David Abulafia

From Knossos to Cádiz

The Life and Death of Ancient Cities: A Natural History

By

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Cities are an integral part of human experience but they emerged quite late in the history of Homo sapiens. It is therefore more extraordinary than we might care to admit that the great majority of humans are expected to be city dwellers by 2100. Greg Woolf is a lively and learned guide to ancient cities. He mainly focuses on the Mediterranean from the third millennium BC onwards, from the cities created by Bronze Age empires, such as Knossos, Mycenae and Troy, through the Etruscan and Greek city-states to the cities of the Roman Empire, the high point of which marked the only time in the history of the Mediterranean that its shores have lain under the rule of a single power.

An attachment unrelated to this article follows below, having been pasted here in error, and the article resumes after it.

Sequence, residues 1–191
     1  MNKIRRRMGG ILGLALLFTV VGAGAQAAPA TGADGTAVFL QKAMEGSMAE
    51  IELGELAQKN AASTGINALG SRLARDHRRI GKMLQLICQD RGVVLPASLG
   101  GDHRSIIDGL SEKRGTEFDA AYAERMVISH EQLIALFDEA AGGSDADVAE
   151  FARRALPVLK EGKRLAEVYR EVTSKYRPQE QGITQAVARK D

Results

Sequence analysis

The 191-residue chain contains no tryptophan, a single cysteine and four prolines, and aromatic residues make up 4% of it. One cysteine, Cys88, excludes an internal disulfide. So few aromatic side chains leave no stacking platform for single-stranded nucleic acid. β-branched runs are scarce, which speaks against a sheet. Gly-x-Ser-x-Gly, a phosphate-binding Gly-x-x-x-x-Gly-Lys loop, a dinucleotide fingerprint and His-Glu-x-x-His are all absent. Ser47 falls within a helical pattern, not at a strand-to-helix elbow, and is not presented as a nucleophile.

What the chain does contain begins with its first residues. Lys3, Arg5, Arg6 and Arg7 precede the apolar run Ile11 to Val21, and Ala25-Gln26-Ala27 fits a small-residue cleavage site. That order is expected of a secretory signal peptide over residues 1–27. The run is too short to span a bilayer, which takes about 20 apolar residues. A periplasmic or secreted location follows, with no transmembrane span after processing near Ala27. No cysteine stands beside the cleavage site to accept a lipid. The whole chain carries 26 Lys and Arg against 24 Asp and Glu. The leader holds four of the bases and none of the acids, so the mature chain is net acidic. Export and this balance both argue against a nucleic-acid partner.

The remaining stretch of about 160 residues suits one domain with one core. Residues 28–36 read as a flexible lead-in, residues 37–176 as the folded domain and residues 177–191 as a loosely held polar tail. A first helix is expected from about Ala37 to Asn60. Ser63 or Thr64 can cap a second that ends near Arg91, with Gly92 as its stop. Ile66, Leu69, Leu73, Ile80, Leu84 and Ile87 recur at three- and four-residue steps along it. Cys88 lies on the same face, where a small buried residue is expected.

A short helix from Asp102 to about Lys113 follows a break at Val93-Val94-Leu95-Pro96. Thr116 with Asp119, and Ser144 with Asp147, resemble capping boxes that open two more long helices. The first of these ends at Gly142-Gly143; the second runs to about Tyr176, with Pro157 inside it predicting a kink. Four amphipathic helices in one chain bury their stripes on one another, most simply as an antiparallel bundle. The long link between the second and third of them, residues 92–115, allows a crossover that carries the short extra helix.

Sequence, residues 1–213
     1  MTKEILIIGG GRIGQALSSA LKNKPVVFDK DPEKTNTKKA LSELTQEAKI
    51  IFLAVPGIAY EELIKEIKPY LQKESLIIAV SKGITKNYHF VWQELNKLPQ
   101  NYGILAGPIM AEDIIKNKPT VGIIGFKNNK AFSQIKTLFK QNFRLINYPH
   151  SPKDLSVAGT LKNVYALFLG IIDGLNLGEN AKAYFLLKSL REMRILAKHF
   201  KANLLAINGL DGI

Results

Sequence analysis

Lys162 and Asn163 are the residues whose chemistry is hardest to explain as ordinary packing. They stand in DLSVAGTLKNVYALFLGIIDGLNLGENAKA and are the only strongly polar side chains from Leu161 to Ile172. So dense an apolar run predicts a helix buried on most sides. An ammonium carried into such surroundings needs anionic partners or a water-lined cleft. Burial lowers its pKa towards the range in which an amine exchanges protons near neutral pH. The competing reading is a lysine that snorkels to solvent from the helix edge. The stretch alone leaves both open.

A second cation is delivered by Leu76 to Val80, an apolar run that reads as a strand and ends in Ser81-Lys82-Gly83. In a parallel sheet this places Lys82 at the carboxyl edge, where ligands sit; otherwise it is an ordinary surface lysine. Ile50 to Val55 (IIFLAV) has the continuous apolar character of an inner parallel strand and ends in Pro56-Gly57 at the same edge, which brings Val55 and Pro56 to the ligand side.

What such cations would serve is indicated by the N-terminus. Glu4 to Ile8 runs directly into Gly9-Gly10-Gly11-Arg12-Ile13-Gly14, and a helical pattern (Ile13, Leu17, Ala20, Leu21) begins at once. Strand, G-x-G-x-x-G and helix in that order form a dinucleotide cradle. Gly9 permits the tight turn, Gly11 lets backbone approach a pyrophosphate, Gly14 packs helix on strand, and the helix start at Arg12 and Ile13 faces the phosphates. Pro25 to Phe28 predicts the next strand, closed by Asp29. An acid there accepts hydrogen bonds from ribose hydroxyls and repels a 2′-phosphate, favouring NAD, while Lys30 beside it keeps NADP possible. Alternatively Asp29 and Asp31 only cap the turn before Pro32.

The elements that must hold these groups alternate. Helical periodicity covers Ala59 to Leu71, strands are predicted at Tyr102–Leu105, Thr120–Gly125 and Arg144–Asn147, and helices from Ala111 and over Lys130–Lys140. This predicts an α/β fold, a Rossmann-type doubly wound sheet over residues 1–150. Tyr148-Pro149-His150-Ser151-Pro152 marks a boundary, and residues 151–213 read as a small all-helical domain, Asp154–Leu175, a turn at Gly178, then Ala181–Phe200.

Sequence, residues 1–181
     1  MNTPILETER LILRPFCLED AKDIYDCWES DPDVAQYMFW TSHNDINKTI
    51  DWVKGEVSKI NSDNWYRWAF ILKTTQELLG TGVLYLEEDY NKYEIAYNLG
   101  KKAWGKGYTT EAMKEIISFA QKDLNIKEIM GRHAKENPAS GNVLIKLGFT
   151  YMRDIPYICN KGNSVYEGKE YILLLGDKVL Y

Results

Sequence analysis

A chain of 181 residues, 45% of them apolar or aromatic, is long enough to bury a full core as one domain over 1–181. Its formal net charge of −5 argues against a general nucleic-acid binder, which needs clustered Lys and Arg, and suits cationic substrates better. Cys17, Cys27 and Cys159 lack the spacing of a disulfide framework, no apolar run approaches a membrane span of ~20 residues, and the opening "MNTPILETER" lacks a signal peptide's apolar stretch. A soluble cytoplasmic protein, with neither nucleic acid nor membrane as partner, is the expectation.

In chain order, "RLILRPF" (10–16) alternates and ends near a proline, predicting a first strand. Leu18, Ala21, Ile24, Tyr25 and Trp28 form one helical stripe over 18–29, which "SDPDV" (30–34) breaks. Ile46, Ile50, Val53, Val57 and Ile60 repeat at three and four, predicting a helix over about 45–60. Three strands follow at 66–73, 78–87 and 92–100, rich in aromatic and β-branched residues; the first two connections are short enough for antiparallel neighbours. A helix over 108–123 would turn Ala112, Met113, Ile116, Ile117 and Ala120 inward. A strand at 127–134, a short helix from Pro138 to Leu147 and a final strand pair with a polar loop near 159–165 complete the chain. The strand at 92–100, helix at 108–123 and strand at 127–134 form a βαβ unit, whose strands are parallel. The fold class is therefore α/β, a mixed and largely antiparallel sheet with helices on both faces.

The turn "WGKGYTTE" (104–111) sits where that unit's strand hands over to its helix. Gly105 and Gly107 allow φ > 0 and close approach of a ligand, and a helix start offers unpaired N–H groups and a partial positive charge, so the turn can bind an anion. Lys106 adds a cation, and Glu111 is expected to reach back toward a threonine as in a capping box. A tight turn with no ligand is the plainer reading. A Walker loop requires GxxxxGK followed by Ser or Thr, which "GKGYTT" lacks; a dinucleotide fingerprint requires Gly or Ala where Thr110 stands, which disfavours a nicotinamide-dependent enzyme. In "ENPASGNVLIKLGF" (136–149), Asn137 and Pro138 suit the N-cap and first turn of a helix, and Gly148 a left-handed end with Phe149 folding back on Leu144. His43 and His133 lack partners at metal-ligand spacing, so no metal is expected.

The book is curiously constructed, with early chapters full of Dawkins-style reflections on evolution, ranging right across the globe. The point Woolf is making is that cities were not an invention of ancient Egypt or Babylonia but could be found in separate civilisations across the planet, from China and India, with their great riverine cities, to the Mississippi, where in around AD 1100 Native Americans built Cahokia. What is absent is a clear definition of the term ‘city’. In the Mediterranean, the great majority of cities, as Woolf states again and again, were small, with just a few thousand inhabitants, and yet there were hundreds of them. Such cities could also be found in the inland provinces of the Roman Empire as far afield as Britain, the Balkans and the Maghreb. ‘Megalopoleis’, enormous cities containing hundreds of thousands of inhabitants on the scale of Rome, Alexandria and Constantinople, were a rarity.

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